Urging our nation's leaders to end hunger

Lenten Reflection: Marked by Our Convictions

Photo by Flickr user Sarah Korf

On Mondays, Wednesdays and Fridays during Lent, we offer reflections from Bread staff and others who faithfully work to end hunger.

Lectionary readings (from the Revised Common Lectionary):

Psalm 119:9-16
Haggai 2:1-9, 20-23
John 12:34-50

Yet at the same time many even among the leaders believed in him. But because of the Pharisees they would not openly acknowledge their faith for fear they would be put out of the synagogue; for they loved human praise more than praise from God. (John 12:42-43)

A man in love will make an absolute fool of himself to win the affection of his beloved. A mother will make ridiculous faces and babble unintelligibly to elicit a smile from her baby. When our convictions are strong enough, when our longing is deep enough, we’re usually willing to risk a little embarrassment, to stick our necks out beyond our comfort zone.

An honest journey through Lent is marked by conspicuous conviction from start to finish.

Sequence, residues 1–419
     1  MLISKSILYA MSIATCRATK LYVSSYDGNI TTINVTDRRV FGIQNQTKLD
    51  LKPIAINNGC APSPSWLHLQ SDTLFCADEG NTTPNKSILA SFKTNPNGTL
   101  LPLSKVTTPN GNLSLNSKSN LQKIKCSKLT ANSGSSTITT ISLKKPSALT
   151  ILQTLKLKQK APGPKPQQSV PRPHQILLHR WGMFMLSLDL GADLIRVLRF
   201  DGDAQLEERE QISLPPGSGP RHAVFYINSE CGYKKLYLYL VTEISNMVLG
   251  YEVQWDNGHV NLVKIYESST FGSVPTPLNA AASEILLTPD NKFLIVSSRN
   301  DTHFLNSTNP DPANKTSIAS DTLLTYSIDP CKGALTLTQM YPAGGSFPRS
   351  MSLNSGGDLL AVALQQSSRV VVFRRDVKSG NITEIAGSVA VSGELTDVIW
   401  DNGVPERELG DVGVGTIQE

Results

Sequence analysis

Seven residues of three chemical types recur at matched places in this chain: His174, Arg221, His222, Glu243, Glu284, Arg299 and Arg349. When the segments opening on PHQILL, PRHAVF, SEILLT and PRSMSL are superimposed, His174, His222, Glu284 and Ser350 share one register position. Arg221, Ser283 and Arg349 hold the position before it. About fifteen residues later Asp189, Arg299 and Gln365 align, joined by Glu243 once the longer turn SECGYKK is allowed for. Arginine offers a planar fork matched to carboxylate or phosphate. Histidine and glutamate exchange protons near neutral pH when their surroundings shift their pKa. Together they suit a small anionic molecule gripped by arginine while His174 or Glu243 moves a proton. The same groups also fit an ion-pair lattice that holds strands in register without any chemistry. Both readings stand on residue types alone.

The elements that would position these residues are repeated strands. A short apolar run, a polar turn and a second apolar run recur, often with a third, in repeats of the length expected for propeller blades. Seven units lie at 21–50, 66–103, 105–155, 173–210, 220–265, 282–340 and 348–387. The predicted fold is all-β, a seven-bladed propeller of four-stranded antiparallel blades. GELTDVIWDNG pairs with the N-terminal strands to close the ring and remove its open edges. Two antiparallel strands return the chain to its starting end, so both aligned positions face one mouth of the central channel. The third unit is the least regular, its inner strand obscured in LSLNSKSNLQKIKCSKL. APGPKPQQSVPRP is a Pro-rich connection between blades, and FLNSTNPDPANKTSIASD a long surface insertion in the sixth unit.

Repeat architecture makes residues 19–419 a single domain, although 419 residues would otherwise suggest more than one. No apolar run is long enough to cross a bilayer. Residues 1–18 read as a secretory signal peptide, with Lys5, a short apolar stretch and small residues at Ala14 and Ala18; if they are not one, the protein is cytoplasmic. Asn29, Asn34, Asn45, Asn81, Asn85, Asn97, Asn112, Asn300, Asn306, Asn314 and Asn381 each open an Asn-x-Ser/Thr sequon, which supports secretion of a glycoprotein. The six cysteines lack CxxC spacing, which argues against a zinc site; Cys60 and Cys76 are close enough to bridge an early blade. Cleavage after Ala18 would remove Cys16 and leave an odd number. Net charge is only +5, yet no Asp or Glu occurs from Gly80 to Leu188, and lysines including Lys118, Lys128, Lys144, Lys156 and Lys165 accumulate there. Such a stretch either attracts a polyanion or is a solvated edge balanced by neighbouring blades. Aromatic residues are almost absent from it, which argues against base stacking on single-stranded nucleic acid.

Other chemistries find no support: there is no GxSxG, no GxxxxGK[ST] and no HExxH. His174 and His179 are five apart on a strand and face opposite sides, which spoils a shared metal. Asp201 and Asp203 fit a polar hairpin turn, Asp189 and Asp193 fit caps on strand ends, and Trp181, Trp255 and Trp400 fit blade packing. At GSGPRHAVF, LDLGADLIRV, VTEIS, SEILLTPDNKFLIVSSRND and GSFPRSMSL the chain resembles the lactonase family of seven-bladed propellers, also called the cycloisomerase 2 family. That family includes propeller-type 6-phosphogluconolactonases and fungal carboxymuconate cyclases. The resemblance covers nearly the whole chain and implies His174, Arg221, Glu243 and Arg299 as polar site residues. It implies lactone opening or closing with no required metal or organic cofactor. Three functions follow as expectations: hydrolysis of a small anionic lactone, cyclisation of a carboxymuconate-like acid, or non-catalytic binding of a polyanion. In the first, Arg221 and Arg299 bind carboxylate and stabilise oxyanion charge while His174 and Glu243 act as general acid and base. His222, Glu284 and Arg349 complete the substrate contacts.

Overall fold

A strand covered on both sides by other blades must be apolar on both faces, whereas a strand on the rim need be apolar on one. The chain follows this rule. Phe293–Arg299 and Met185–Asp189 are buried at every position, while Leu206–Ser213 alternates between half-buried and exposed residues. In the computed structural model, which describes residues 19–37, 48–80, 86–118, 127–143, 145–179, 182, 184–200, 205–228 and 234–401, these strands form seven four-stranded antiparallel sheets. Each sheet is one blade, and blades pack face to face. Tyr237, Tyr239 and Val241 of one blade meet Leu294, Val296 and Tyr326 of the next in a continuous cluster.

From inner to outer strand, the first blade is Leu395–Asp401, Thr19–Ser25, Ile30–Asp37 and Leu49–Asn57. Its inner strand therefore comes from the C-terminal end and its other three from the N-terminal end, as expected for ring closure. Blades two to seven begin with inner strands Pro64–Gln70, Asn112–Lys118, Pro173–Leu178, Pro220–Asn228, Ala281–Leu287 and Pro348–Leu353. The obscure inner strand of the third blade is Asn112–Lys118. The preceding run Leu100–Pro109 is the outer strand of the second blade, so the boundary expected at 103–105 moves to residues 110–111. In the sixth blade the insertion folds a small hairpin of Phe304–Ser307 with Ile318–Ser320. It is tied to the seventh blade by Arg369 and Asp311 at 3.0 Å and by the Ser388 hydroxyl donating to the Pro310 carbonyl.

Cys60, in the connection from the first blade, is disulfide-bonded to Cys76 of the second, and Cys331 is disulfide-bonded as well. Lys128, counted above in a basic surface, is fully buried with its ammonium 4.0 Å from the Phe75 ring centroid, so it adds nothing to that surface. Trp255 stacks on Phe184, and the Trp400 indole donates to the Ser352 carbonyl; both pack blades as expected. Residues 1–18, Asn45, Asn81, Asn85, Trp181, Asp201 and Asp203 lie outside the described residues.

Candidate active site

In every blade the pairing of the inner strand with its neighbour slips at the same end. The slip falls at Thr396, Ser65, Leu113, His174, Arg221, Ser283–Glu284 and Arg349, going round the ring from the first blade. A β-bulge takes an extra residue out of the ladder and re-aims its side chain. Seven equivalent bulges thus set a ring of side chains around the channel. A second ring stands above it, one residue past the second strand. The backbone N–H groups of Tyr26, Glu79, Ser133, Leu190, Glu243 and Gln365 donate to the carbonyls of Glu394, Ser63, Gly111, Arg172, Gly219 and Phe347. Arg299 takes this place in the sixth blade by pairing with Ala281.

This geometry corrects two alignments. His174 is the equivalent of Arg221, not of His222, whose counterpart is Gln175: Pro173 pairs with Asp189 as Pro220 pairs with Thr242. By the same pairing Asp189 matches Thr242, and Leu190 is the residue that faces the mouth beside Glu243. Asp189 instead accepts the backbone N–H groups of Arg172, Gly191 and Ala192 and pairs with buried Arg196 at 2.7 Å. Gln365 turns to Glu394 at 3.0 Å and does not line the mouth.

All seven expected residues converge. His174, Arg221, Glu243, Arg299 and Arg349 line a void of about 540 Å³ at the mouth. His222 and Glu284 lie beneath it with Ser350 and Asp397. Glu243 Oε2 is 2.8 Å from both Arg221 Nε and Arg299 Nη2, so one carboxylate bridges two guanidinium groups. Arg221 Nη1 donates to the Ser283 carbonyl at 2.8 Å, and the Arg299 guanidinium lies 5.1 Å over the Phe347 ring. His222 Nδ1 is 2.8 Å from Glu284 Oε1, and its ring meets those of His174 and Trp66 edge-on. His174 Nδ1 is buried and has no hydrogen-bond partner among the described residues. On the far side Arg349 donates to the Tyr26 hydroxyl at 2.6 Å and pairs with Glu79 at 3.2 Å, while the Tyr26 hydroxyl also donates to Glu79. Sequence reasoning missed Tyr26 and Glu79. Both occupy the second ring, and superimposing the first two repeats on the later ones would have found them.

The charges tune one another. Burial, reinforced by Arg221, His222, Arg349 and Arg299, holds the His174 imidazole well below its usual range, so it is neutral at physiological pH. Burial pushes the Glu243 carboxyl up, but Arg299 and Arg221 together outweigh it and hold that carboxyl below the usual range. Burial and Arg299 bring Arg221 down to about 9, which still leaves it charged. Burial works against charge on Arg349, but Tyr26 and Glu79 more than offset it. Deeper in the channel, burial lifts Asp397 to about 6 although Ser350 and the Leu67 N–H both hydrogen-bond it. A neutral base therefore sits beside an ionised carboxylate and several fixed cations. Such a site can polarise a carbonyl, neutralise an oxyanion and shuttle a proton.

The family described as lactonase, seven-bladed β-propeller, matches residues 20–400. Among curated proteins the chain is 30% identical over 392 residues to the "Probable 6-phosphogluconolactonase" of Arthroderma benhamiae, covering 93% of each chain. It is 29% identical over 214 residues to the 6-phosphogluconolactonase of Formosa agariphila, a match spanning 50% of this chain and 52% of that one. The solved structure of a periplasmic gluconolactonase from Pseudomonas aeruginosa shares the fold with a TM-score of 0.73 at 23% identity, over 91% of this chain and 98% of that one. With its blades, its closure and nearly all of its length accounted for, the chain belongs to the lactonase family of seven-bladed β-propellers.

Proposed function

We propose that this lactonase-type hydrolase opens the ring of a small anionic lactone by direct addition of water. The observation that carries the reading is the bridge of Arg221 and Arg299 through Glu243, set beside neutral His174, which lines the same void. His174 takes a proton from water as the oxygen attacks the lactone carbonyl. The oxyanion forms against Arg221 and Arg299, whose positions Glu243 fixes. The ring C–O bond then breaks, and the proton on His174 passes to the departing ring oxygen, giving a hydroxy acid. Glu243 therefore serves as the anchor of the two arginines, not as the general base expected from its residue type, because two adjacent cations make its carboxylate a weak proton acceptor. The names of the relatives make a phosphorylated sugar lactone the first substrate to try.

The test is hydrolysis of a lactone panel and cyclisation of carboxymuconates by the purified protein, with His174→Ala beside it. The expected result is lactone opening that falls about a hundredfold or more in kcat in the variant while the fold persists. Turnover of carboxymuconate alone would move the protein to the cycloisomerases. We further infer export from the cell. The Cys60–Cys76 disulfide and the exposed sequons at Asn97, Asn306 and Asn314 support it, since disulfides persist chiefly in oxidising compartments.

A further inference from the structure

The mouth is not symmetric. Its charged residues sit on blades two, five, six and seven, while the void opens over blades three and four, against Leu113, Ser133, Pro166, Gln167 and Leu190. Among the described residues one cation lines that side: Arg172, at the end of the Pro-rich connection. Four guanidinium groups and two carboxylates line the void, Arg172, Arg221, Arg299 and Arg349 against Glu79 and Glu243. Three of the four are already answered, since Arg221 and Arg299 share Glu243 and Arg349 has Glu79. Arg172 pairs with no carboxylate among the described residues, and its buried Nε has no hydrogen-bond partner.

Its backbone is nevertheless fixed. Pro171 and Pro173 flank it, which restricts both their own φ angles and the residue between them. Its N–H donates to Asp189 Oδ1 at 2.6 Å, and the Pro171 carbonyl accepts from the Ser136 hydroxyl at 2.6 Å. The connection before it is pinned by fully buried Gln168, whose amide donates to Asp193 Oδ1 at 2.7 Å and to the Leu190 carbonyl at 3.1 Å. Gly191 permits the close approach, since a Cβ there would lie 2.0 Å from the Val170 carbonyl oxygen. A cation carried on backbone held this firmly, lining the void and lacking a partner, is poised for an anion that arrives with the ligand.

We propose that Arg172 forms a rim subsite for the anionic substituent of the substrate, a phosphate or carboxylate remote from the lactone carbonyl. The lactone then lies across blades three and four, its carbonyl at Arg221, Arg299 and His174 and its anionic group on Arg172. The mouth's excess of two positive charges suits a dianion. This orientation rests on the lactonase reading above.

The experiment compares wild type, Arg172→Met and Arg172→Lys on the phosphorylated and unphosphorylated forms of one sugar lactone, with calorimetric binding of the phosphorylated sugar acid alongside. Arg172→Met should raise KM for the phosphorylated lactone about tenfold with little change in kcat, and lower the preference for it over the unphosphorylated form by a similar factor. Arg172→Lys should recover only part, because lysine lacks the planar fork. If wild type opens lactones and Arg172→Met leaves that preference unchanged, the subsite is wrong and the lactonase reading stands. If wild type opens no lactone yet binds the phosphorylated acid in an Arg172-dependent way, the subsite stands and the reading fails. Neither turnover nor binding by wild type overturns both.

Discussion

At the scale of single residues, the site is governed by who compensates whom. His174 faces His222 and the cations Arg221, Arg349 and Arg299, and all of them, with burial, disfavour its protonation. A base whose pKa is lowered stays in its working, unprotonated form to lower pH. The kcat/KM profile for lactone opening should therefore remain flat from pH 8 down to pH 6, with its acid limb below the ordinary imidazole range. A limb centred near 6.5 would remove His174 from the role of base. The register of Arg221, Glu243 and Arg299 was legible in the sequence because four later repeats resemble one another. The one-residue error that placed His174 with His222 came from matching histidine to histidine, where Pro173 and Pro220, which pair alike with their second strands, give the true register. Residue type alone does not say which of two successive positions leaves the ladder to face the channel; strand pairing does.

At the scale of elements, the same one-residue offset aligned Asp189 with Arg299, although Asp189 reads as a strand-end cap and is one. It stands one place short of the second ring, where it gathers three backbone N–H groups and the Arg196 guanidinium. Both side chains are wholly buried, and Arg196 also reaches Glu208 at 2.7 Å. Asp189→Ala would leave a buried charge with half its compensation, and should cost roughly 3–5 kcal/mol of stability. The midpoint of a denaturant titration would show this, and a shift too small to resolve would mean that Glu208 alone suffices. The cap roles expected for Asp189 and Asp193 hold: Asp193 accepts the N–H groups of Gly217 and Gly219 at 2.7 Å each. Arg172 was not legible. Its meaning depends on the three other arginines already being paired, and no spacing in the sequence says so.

For me, there’s hardly a more conspicuous act of Christian devotion than publicly wearing the black smudges of Ash Wednesday plastered across my forehead. It’s one of the few days of the year when I viscerally feel “set apart” because of faith in Christ. And yet, the approach of Good Friday reminds me that the awkwardness of quizzical stares pales in comparison to the conspicuous conviction – and suffering – of the One who laid down his life that all might have it fully and eternally. “Anyone who loves their life will lose it, and anyone who hates their life in this world will keep it for eternal life.” (John 12:25)

That’s the kind of conviction Jesus calls us to live into. The kind of conviction that washes dirty feet. The kind of conviction that speaks difficult truth in love. The kind of conviction that defends the rights of poor and hungry people, even when opposition is quick and change slow to come. The kind of conviction that chooses God’s praise over feel-good but fleeting praise from friends, coworkers, luminaries, and leaders.

God, release us from the fear of standing in the full light of our convictions. Remake us in the image of Jesus, who “[came] into the world as a light, so that no one who believes in [him] should stay in darkness.” (John 12:46) 

Greg Sims is annual giving manager at Atlanta Community Food Bank.

+Read all of our Lent reflections.


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